start by RTFM…

…before messing up things.

Just about everything in life comes with a manual, apart from, maybe, life itself. Thus, it makes perfect sense to read the manual first, before testing ones own skills in guessing‐games.

Remember: reading manuals before venturing into setting up or working on whatever you have in front of you, shows that you are quite a bit smarter than those who frequently insist on ignoring manuals and just try their luck.

That usually less than ten percent of what is presented in a manual is of any use to anyone, is a different matter and does not make it less sensible to read the manual first. A few words or parts of a drawing may be all you need for perfect success.

OK, so you may have to scan through an entire manual in search of what you need – past required safety declarations, advises, opinions and general sales‐talk. Should not take long and may be well worth the effort.

I advise everyone to read the manual more than once to begin with, and to keep it handy for future references. You can never read a manual on any­thing too many times.

why should you bother RTFM?

1: it is very satisfying and makes life so much easier, when things just work as intended right away and continue to do so for a long time. Reading the manual first will always help in getting there.

And, when you're bragging about your success, you do of course not have to tell anyone that you actually read the manual first.

2: no need to bother anyone else in the hope that they know what you don't. Most likely they must read the manual first anyway to be of any help, or else chances are they are just guessing and probably are no better at it than yourself.

Sure, it can be great fun to receive a dozen “solutions” from as many friends and/or complete strangers, but unless there are real experts at the case at hand amongst them the process of asking around is most likely a complete waste of time.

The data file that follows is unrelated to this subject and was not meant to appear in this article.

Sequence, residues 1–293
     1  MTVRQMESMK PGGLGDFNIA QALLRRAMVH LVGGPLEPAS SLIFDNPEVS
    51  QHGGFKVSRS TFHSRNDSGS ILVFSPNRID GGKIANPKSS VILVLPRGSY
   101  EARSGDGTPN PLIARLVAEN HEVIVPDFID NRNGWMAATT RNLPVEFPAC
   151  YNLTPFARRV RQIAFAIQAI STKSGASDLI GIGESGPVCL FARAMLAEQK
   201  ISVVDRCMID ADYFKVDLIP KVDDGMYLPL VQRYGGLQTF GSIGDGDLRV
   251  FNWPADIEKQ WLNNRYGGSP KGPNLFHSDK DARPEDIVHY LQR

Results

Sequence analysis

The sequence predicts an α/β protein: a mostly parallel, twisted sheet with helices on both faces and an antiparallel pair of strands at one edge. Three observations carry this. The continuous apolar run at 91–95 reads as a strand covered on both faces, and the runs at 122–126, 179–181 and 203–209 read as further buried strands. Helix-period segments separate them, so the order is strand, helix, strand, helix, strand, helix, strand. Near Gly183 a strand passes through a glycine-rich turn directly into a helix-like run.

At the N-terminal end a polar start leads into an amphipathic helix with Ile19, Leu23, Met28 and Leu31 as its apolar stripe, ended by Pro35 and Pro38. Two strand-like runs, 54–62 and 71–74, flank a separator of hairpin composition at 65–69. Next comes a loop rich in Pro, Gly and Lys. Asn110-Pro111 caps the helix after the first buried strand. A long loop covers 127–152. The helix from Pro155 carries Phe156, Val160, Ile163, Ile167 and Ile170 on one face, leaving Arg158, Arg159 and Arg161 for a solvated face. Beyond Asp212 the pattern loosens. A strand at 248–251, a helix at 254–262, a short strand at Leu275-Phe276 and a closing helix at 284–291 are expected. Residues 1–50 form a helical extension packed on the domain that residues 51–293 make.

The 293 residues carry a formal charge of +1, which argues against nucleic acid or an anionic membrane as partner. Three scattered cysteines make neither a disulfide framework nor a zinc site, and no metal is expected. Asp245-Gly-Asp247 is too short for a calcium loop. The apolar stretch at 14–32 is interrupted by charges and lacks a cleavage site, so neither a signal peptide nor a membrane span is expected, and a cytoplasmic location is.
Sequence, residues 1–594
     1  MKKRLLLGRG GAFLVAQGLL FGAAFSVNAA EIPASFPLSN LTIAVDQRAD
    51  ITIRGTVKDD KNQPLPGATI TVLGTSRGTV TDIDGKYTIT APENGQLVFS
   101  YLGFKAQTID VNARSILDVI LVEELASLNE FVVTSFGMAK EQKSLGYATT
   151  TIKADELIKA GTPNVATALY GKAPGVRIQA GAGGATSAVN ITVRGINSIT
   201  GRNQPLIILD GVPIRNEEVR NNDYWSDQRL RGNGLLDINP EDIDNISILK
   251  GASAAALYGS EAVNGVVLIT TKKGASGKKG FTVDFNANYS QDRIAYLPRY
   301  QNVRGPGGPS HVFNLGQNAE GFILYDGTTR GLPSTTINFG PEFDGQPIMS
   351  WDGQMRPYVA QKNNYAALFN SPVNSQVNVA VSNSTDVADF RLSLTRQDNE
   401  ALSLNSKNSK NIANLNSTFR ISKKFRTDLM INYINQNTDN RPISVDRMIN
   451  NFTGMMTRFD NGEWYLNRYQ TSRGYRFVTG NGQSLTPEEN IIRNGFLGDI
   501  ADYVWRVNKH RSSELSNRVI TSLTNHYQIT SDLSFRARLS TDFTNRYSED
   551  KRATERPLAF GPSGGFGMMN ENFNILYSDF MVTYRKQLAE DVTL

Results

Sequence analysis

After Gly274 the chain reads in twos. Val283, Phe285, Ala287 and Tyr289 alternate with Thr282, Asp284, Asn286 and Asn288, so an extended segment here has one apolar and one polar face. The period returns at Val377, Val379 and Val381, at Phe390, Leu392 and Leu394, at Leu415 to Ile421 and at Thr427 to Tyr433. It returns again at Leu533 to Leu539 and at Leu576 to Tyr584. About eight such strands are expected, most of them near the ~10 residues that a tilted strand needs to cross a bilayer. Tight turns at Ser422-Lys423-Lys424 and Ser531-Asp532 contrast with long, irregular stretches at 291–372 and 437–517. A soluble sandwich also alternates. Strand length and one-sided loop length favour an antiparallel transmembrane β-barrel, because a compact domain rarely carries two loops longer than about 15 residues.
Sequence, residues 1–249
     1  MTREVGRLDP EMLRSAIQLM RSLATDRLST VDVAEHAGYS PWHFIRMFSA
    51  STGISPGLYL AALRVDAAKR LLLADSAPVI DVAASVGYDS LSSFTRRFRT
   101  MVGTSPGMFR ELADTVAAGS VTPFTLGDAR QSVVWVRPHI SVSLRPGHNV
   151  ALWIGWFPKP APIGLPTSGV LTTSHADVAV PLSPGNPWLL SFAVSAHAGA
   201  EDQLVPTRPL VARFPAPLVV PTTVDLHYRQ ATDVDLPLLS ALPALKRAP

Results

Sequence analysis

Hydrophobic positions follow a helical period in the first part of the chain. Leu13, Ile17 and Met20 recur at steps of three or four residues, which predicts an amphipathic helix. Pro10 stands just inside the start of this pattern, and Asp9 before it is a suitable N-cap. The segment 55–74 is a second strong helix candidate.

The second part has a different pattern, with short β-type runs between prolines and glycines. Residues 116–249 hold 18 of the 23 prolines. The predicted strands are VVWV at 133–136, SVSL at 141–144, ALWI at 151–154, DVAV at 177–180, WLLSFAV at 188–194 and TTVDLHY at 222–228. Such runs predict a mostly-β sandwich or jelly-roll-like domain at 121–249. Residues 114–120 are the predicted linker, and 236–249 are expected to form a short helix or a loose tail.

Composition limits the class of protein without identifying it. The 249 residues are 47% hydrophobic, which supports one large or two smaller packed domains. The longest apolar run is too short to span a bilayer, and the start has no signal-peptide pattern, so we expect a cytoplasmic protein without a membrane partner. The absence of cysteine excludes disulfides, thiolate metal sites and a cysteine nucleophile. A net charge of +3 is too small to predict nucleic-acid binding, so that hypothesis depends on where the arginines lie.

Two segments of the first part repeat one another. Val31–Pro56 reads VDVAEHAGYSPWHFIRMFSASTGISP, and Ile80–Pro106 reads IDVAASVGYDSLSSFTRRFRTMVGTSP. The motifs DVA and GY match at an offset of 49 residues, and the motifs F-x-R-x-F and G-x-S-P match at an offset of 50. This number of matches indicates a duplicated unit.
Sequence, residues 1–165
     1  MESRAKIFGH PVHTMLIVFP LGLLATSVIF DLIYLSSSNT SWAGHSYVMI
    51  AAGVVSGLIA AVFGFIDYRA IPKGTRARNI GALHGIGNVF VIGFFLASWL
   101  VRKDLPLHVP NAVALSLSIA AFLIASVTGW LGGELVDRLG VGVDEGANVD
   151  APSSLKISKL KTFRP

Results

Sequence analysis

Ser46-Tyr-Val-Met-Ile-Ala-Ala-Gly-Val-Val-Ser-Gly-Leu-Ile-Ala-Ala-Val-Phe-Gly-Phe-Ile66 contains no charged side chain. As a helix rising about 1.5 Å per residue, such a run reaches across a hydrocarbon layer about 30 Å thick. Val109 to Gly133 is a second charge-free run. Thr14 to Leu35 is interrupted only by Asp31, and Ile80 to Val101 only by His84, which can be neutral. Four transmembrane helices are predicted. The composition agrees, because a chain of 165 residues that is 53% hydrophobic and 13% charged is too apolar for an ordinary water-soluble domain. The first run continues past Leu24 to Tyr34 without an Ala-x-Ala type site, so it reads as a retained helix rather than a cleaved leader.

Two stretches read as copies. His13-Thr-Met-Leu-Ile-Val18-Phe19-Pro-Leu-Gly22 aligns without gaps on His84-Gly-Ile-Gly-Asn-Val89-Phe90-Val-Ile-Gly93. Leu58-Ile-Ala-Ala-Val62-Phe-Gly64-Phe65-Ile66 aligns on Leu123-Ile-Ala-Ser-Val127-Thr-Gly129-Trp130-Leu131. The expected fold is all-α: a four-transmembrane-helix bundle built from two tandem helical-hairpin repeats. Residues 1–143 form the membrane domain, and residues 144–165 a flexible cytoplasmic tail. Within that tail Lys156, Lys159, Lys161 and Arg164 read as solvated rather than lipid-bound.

yes, I do RTFM.

Unless I am already very familiar with a product, I always go through the entire manual once or twice before even bothering to look at the product or task itself. This practice is such a timesaver that I have no intention of changing it.

If possible I read the manual even before deciding to purchase a product, as the manual either tells me all I need to know about the product, or it probably isn't worth purchasing. These days many manuals can be found online, which means I can deem entire lines of products totally useless without leaving home…

sincerely  georg; sign

Hageland 23.oct.2013

last rev: 24.oct.2013

side notes.

choose your definition.

You may of course choose the “RTFM” definition that suits you. Your choice doesn't change anything I write, so I am perfectly fine with it.

Acronyms like “RTFM” can be used and/or misused, and quite often they are not presented politely. I assure you, I am only using this acronym to point at a practice that is seen all too often: that people get themselves into trouble with even the simplest tasks because they don't RTFM.

exceptions and additions…

1: I made a possible exception at the beginning of this article about there not being a manual for life itself. Of course, we know quite a few have tried to write such “manuals” up through history.

If you are into any of the major “manuals for life”, I can only advice you to read the entire thing and not bypass any parts because they don't suit you. Incompletely read manuals on anything, are far worse than completely ignored manuals.

If you don't believe any real “manual for life” has ever been written, you may as well leave all potential candidates alone. It is your choice to make – make a wise one.

2: Once you have familiarized yourself with a product or task to the degree that you no longer need a manual, you may be well advised to write one of your own, for yourself, and keep it all at a safe place.

The day when you really could do with a refresh of old knowledge, may come before you know it. Then you will be glad you jotted down and kept even the simplest form of notes on a subject.

www.gunlaug.comadvice upgradeadvice upgrade navigation